### Resumé

Other early mathematical cultures do not speak about mathematics involving demonstration. However, Old Babylonian mathematical texts (c. 1800–1600 BCE) reveal both aspects of mathematical demonstration as we know it for instance from the ancient Greeks: arguments showing why the steps undertaken do lead to the required result; and “critique” (in Kantian sense) investigating the presuppositions behind and limits of these arguments. This is argued on a sample of characteristic but relatively simple texts in translation.

Critique plays a minor role only in Old Babylonian mathematics; still, the Babylonian example shows that mathematical proof may be present in a mathematical culture even if unsupported by extra-mathematical philosophy or ideology.

Originalsprog | Engelsk |
---|---|

Titel | History of Mathematical Proof in Ancient Traditions |

Redaktører | Karine Chemla |

Udgivelses sted | Cambridge |

Forlag | Cambridge University Press |

Publikationsdato | 2012 |

Sider | 362–383 |

ISBN (Trykt) | 9781107012219 |

Status | Udgivet - 2012 |

### Bibliografisk note

De ensbetitlede "mulige dubletter" er et preprint og et genoptryk af dette### Citer dette

*History of Mathematical Proof in Ancient Traditions*(s. 362–383). Cambridge: Cambridge University Press.

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*History of Mathematical Proof in Ancient Traditions.*Cambridge University Press, Cambridge, s. 362–383.

**Mathematical Justification as Non-Conceptualized Practice: the Babylonian Example.** / Høyrup, Jens.

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TY - CHAP

T1 - Mathematical Justification as Non-Conceptualized Practice: the Babylonian Example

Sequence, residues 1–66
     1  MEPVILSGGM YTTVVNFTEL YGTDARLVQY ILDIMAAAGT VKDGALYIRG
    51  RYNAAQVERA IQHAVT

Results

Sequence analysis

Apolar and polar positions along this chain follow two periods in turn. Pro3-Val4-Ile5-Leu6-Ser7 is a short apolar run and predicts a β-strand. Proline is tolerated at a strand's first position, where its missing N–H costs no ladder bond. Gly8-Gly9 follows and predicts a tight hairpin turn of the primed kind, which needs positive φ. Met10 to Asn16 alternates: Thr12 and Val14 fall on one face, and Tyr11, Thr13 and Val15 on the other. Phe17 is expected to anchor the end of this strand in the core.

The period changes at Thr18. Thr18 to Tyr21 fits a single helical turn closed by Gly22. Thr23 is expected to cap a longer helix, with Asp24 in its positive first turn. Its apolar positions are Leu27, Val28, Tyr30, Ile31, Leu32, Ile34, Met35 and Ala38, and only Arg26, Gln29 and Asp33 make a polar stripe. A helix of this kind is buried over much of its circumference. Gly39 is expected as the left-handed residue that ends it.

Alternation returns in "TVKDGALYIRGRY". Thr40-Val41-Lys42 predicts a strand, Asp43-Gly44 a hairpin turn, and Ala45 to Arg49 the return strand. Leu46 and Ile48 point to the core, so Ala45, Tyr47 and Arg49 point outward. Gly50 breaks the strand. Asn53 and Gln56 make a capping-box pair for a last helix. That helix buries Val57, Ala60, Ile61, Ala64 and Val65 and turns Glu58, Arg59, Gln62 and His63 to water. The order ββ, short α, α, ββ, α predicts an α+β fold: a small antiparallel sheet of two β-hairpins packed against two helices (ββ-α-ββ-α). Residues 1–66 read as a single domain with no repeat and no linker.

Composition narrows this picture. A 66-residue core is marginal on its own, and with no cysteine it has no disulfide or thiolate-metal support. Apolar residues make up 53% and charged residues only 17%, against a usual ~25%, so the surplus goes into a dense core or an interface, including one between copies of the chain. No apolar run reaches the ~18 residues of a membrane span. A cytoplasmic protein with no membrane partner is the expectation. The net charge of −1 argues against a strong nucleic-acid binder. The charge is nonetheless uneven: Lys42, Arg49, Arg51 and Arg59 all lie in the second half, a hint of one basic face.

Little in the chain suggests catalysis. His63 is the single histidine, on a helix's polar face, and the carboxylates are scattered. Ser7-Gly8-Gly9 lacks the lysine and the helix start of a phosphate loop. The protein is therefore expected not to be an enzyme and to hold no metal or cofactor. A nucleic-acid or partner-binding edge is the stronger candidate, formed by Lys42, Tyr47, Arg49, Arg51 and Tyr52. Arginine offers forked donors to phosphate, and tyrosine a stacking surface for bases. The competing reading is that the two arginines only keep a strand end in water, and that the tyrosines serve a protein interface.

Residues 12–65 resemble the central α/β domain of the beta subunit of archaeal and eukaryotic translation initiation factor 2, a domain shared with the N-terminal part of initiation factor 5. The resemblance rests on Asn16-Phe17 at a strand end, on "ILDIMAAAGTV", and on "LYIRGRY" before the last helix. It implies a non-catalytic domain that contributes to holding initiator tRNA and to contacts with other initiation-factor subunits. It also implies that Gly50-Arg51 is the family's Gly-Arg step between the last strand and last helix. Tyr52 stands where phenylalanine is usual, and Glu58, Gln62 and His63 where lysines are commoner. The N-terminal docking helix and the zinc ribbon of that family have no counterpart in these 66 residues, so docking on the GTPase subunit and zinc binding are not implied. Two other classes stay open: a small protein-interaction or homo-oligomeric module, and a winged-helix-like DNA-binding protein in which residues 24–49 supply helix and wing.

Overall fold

AU - Høyrup, Jens

N1 - De ensbetitlede "mulige dubletter" er et preprint og et genoptryk af dette

PY - 2012

Y1 - 2012

N2 - Those Greek philosophers who write about mathematics consider demonstration as central to it. Grosso modo, what Aristotle writes about the topic is congruent with what Euclid does. Demonstration was thus not only practised but also an explicit concern for Greek mathematics. Other early mathematical cultures do not speak about mathematics involving demonstration. However, Old Babylonian mathematical texts (c. 1800–1600 BCE) reveal both aspects of mathematical demonstration as we know it for instance from the ancient Greeks: arguments showing why the steps undertaken do lead to the required result; and “critique” (in Kantian sense) investigating the presuppositions behind and limits of these arguments. This is argued on a sample of characteristic but relatively simple texts in translation. Critique plays a minor role only in Old Babylonian mathematics; still, the Babylonian example shows that mathematical proof may be present in a mathematical culture even if unsupported by extra-mathematical philosophy or ideology.

AB - Those Greek philosophers who write about mathematics consider demonstration as central to it. Grosso modo, what Aristotle writes about the topic is congruent with what Euclid does. Demonstration was thus not only practised but also an explicit concern for Greek mathematics. Other early mathematical cultures do not speak about mathematics involving demonstration. However, Old Babylonian mathematical texts (c. 1800–1600 BCE) reveal both aspects of mathematical demonstration as we know it for instance from the ancient Greeks: arguments showing why the steps undertaken do lead to the required result; and “critique” (in Kantian sense) investigating the presuppositions behind and limits of these arguments. This is argued on a sample of characteristic but relatively simple texts in translation. Critique plays a minor role only in Old Babylonian mathematics; still, the Babylonian example shows that mathematical proof may be present in a mathematical culture even if unsupported by extra-mathematical philosophy or ideology.

M3 - Book chapter

SN - 9781107012219

SP - 362

EP - 383

BT - History of Mathematical Proof in Ancient Traditions

A2 - Chemla, Karine

PB - Cambridge University Press

CY - Cambridge

ER -